Band: Arti & Mestieri

CD Title: “First Live in Japan

Band Website:

Label: Moonjune Records


Release Date: 2007


It’s really quite amazing how many bands from the seventies have either gotten back together or continue to perform. And I’m not talking in some nostalgic fashion but where they not only perform their original music from the seventies but continue to write and record new music. Such is the case with progressive jazz-fusion masters Arti & Mestieri who’ve just released First Live in Japan recorded during their 2005 tour of that country. If you were unfamiliar with the band’s history this live presentation sounds every bit as contemporary as you can imagine.


Arti & Mestieri are a seven-piece group from Turin, Italy and are considered legends in the jazz influenced progressive rock world based on their two releases Tilt and Giro Di Valzer Per Domani, most of which are performed here in this live setting. But this 76-minute disc also contains some new material as well. Most of the music presented here is instrumental and played with the precision one would expect of jazz-rock masters. The first 20-minute segment on the disc is taken up with what’s called the “Tilt” suite showcasing music from their first album from 1974. Of the music presented here this tends to be the more symphonic including some nice Mellotron and Fender Rhodes from Beppe Crovella. Throughout the piece taking turns at the forefront are Lautaro Acosta on violin or Alfredo Ponissi on saxophones. The more symphonic moments rely on the keyboard textures, but when these guys start to cook it really falls back to the rhythm section of Furio Chirico on drums and Roberto Cassetta on bass. Guitars are handled by Marco Roagna and vocals sung by Iano Nicolo. The second section on the disc is entitled the “Giro di Valzer per Domani” suite and runs approximately 22-minutes. Here again we hear some great musicianship with the violin constantly trading off centre stage with the sax and then the guitars moving in for some searing solos. Here the music takes a more jazz approach. In both these sections the music and musicianship is quite energetic and complex. Everyone is very busy on their instrument of choice driving the rhythm and melody to the next level. The music moves effortlessly from one time-and-tempo to another, winding its way through changing melodies. Throughout the music, the understated guitar makes its presence known only through some energetic solo moments otherwise it tends to be in the background contributing to the music’s foundation. Of the remaining tracks “Kawasaki” is a six-minute solo piano work that my guess is improvised to commemorate the part of Tokyo the band is performing. “Glory”, is a shorter ballad that features some emotional violin and vocal work set against some shimmering Mellotrons, while “Alba Mediterranea” focuses on jazz piano and vocals and “2000” lets the growling Hammond organ loose playing off against the violin.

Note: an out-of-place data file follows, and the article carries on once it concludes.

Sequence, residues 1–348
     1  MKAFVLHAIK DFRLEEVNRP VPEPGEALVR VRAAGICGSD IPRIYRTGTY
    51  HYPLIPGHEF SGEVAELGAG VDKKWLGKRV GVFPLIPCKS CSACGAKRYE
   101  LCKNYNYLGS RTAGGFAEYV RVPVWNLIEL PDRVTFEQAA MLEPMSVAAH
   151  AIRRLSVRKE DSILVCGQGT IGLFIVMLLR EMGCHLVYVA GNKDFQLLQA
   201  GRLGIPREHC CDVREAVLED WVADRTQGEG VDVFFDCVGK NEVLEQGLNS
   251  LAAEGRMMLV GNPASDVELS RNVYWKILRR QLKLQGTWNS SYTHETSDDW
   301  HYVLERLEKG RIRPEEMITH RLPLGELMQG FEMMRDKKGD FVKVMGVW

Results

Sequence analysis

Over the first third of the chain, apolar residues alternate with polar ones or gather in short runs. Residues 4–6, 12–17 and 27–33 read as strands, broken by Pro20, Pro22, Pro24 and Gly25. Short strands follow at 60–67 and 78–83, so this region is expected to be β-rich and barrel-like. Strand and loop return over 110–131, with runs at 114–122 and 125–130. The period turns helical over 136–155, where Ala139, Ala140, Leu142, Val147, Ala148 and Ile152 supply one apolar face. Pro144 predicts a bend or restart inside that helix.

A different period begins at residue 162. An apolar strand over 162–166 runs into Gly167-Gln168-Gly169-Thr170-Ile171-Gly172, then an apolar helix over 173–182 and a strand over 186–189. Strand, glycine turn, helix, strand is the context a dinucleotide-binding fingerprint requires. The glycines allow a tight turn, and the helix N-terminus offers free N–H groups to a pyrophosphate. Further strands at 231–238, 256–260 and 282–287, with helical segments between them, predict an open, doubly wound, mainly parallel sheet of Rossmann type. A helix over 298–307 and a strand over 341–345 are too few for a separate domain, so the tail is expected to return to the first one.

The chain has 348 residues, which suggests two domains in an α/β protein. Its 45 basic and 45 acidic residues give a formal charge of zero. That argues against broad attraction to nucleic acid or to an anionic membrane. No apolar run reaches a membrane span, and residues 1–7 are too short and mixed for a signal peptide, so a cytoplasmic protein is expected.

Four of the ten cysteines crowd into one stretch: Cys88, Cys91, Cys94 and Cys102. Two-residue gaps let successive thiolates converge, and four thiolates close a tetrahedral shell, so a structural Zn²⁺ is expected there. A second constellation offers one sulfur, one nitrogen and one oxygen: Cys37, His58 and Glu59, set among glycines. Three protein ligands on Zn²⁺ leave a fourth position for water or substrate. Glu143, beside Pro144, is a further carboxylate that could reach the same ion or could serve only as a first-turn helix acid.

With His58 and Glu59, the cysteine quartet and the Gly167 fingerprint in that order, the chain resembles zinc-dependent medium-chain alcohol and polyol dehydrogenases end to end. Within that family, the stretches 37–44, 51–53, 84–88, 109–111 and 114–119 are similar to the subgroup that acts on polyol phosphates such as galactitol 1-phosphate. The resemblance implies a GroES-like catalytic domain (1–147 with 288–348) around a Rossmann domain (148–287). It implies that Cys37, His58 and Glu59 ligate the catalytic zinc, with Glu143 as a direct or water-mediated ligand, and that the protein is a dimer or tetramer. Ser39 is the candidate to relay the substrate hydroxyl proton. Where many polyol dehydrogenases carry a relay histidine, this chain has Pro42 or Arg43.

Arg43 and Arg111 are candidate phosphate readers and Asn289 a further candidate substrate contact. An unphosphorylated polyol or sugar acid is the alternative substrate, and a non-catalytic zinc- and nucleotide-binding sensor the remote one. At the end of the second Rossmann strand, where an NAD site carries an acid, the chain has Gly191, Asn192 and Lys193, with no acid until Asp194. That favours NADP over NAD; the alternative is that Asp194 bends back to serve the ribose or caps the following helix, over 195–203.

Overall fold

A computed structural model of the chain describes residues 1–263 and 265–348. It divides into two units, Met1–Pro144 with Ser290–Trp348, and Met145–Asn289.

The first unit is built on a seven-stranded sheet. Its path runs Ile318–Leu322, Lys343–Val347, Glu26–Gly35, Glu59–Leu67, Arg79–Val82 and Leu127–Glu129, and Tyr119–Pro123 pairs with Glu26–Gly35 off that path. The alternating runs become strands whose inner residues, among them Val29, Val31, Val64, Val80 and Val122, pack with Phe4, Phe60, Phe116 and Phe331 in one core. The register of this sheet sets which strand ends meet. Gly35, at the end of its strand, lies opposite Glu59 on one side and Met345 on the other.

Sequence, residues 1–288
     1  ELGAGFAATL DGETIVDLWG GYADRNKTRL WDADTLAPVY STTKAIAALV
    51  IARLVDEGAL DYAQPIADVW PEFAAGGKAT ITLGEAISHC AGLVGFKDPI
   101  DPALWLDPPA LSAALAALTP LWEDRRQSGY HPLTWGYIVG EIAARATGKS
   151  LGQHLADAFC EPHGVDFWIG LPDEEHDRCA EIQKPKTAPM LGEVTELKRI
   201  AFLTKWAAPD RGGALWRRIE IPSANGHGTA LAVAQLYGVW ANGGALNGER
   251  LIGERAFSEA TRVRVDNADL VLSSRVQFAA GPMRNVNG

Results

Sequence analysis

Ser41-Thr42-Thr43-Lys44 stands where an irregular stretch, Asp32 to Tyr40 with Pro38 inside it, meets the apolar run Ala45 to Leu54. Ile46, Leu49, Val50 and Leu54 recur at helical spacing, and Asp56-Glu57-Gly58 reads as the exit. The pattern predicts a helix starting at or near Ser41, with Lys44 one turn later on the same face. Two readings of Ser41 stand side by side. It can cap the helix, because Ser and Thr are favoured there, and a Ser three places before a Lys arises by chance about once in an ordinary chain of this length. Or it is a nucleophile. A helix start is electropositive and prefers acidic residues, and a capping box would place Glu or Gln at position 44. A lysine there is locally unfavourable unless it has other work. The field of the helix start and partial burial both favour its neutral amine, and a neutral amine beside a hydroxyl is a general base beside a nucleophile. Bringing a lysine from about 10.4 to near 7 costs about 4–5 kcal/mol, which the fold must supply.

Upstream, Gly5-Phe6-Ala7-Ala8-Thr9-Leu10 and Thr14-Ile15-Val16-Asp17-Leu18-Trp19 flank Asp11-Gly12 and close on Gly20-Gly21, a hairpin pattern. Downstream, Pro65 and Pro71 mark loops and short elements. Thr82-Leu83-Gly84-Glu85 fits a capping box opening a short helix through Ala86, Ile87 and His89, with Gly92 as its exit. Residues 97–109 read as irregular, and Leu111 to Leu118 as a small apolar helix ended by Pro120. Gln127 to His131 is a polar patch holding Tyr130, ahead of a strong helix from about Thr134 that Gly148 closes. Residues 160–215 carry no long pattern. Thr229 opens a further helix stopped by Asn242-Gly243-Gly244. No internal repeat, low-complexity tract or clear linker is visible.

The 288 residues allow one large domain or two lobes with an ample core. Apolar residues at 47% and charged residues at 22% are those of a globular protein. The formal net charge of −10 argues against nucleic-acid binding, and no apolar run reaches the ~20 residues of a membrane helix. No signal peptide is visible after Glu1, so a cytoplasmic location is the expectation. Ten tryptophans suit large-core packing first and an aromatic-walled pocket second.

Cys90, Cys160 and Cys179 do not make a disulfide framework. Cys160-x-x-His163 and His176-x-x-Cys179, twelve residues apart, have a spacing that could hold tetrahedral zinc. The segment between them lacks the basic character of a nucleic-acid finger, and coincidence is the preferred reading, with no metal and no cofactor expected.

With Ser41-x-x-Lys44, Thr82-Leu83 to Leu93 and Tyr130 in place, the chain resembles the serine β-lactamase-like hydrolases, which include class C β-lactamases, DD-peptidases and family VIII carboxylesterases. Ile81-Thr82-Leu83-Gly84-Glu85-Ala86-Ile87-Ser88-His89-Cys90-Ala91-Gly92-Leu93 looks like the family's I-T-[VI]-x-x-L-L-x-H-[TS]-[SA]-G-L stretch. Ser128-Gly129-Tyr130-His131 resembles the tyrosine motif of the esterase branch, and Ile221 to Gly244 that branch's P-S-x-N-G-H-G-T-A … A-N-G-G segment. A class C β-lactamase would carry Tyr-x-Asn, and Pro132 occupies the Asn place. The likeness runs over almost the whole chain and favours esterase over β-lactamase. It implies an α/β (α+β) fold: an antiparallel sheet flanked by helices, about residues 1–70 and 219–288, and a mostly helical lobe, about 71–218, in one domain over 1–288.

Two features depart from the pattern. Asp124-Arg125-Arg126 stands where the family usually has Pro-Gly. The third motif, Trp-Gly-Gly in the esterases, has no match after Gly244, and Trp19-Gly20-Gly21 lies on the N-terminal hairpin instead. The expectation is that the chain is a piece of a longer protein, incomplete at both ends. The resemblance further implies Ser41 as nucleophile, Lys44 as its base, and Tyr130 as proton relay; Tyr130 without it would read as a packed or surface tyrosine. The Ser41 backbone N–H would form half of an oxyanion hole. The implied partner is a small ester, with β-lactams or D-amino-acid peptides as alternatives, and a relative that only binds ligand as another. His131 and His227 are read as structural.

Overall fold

As I said at the outset, it’s great that bands like this continue to craft new and interesting music to add to their catalog. I’m guessing fans of Arti & Mestieri will rush to add this disc to their collections. In fact it’s hard to find anything wrong with it. The music is great, the musicianship is as tight as ever and the sound is brilliant. For the new listener whose musical leanings fall more in the jazz-fusion vein of say Mahavishnu Orchestra, Arti & Mestieri will be of great interest because First Live in Japan will go a long way to satisfying that specific musical craving.